Indeed, when the arts of speech and writing are mentioned, I am sensible that prejudices against them are apt to rise in the minds of many. A sort of art is immediately thought of, that is ostentatious and deceitful; the minute and trifling study of words alone; the pomp of expression; the studied fallacies of rhetoric; ornament substituted in the room of use. We need not wonder, that, under such imputations, all study of discourse as an art, should have suffered in the opinion of men of understanding; and I am far from denying, that rhetoric and criticism have sometimes been so, managed as to tend to the corruption, rather than to the improvement of good taste and true eloquence. But sure it is equally possible to apply the principles of reason and good sense to this art, as to any other that is cultivated among men. If the following Lectures have any merit, it will consist in an endeavour to substitute the application of these principles in the place of artificial and scholastic rhetoric; in an endeavour to explode false ornament, to direct attention more towards substance than show, to recommend good sense as the foundation of all good composition, and simplicity as essential to all true ornament.

When entering on this subject, I may be allowed, on this occasion, to suggest a few thoughts concerning the importance and advantages of such studies, and the rank they are entitled to possess in academical education.* I am under no temptation, for this purpose, of extolling their importance at the expense of any other department of science. On the contrary, the study of Rhetoric and Belles Lettres supposes and requires a proper acquaintance with the rest of the liberal arts. It embraces them all within its circle, and recommends them to the highest regard. The first care of all such as wish either to write with reputation, or to speak in public so as to command attention, must be, to extend their knowledge; to lay in a rich store of ideas relating to those subjects of which the occasions of life may call them to discourse or to write. Hence, among the ancients, it was a fundamental principle, and frequently inculcated, "Quod omnibus disciplinis et artibus debet esse instructus orator;" that the orator ought to be an accomplished scholar, and conversant in every part of learning. It is indeed impossible to contrive an art, and very pernicious it were if it could be contrived, which should give the stamp of merit to any composition rich or splendid in expression, but barren or erroneous in thought. They are the wretched attempts towards an art of this kind, which have so often disgraced oratory, and debased it below its true standard. The graces of composition have been employed to disguise or to supply the want of matter; and the temporary applause of the ignorant has been courted, instead of the lasting approbation of the discerning. But such imposture can never maintain its ground long. Knowledge and science must furnish the materials that form the body and substance of any valuable composition. Rhetoric serves to add the polish; and we know that none but firm and solid bodies can be polished well.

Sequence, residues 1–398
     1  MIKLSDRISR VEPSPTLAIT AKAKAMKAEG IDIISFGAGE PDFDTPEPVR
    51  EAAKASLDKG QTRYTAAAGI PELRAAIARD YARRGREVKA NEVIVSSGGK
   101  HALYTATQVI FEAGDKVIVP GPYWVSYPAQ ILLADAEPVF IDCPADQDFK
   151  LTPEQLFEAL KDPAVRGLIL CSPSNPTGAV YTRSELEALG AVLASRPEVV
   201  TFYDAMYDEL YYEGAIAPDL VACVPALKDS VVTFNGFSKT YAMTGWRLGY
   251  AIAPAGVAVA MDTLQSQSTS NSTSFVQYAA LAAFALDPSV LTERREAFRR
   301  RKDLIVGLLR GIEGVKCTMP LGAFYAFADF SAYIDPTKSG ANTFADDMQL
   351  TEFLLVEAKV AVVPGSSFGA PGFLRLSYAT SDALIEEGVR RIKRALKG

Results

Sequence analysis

Of those who peruse the following Lectures, some by the profession to which they addict themselves, or in consequence of their prevailing

The author was the first who read lectures on this subject in the university of Edinburgh. He began with reading them in a private character in the year 1759. In the following year he was chosen Professor of Rhetoric by the magistrates and town-council of Edinburgh; and, in 1762, his Majesty was pleased to erect and endow a Profession of Rhetoric and Belles Lettres in that university; and the author was appointed the first Regius Professor.